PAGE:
The United States faces a myriad of problems today. Chief among them is disunity amongst the people. We are a nation of many individual communities, with different views on government and different cultures. One government with a single set of rules, or even fifty governments with fifty sets of rules aren’t enough.
It is my belief that the United States was designed for governing the country as it was in 1790 and this paradigm has been pushed and stretched as far as possible into fitting the 21st century. We are no longer a union of rural, largely agrarian states, physically isolated from any potential geopolitical rivals. As the United States has changed, we’ve changed the government, first through the amendment process, and now with the judiciary simply ratifying major changes to government. Its a process that has been getting ever more grating as the 1790’s government is stretched to fit 2016 realities.
Continue reading “The Holy Roman Empire: A Model for the Future United States”
It’s been awhile since I’ve posted links. I’ve been on vacation, which was lovely. It also seems like I’m getting pickier about what I put on here. Transient posts about the current news cycle tend to dominate as election season heats up and I don’t bother to post many of these. Also, it seems like amateur bloggers lower their output at this time of year. Nevertheless, I’ve found a few gems recently that you should check out.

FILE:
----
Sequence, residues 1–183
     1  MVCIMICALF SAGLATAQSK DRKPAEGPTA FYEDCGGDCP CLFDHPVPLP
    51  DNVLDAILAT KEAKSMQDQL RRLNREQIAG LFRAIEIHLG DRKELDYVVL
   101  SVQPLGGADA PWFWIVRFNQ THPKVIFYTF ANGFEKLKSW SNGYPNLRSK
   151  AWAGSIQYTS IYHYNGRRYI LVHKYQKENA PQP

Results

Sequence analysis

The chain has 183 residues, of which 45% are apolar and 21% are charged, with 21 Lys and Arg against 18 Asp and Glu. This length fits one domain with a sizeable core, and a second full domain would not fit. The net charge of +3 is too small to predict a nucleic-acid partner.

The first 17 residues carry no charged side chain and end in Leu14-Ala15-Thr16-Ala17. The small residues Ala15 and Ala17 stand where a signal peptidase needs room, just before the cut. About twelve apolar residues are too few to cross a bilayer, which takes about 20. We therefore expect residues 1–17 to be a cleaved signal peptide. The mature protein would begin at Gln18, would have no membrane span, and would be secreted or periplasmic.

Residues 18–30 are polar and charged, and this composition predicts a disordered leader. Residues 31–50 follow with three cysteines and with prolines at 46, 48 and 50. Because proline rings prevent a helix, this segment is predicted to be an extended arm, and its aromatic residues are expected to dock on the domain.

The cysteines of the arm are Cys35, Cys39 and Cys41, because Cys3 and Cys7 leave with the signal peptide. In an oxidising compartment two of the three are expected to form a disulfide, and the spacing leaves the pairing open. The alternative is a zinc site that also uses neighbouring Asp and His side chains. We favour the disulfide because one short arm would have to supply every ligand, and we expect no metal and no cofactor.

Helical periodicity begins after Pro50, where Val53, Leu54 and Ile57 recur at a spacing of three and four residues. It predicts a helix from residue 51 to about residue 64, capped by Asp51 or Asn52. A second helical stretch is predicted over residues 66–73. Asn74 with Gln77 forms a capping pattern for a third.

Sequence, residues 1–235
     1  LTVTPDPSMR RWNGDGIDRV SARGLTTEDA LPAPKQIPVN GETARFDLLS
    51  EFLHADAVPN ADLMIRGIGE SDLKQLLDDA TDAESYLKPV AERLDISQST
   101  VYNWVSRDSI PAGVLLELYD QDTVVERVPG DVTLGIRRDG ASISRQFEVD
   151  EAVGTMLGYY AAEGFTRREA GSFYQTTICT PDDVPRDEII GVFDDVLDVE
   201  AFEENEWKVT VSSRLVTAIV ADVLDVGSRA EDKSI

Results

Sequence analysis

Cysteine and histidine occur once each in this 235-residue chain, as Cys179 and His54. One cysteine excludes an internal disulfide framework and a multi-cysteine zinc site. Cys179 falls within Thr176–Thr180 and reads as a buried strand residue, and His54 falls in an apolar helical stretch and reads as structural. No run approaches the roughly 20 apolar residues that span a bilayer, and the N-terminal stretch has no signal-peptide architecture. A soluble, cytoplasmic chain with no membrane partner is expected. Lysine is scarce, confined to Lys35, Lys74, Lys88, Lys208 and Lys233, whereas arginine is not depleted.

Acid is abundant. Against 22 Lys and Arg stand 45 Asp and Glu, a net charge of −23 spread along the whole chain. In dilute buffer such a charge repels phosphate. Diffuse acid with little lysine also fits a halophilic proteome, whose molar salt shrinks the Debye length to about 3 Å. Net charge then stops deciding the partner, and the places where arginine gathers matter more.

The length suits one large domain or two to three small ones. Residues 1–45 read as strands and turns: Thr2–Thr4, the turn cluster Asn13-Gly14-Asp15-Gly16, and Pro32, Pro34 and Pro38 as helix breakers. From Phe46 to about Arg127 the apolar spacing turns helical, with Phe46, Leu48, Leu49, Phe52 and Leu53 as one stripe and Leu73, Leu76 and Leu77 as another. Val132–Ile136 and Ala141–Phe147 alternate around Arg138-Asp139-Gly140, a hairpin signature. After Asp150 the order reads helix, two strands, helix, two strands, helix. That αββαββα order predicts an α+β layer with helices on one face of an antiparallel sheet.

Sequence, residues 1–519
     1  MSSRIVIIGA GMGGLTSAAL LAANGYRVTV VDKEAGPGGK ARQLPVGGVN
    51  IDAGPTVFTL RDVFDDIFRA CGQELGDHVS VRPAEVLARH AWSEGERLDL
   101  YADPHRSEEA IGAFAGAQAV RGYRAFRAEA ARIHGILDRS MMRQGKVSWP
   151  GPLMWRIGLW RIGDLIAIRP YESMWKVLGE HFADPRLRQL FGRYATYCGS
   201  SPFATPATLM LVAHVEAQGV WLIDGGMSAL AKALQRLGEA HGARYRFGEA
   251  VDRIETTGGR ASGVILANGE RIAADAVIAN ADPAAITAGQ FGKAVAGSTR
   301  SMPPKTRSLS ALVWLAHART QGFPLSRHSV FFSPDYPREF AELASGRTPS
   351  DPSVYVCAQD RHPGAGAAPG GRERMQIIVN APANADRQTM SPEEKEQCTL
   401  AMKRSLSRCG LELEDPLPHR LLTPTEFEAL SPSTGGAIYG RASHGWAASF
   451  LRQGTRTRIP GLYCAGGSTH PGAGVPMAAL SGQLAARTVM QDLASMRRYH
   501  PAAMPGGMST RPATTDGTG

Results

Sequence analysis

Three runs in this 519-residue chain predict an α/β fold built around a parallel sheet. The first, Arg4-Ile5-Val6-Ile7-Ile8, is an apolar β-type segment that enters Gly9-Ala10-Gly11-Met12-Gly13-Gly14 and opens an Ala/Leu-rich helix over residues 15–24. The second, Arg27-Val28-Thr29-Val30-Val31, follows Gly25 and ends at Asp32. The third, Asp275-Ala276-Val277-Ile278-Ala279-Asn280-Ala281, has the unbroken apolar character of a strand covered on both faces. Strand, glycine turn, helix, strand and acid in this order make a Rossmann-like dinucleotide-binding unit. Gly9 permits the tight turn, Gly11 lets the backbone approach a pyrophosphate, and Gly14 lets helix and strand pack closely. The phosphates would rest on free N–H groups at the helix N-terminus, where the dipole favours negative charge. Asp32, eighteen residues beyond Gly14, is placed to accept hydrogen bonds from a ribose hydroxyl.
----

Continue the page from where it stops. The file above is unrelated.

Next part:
Trump and the New Religion looks at the reaction to Trump among the conservatives who still think being graced as “respectable” by progressives is the most important thing.
The Tragedy of the Google discusses the effects Google and other internet firms are having on centralizing ownership and how they use government regulations to manipulate costs.
Social Media is a Tool of the State examines the effects social media has had on human behavior and how it has accomplished goals globalist governments find desirable.
One Man, One Vote, One Time lays out the motivation progressives have to push mass immigration. Rather than convince Americans to follow their program, they create new Americans to vote for them. Once a majority casts a vote in favor of a progressive program, it is locked in, and at least so far on American history, impossible to repeal.
Were the Arab Conquests a Myth? introduces the author’s book which presents a case that the traditional arc of the 7th century AD is false. Working from the assumption that Heraclius didn’t reconquer Syria and Egypt from the Persians, and that Muhammed and the pre-Umayyad caliphs didn’t exist, the author postulates a Persian Empire which converts to Ebonite Christianity and morphs into the Umayyad Caliphate over a century. This helps to explain some details in the historical record as well as synergy between Islam and the middle Eastern relgions that preceded it.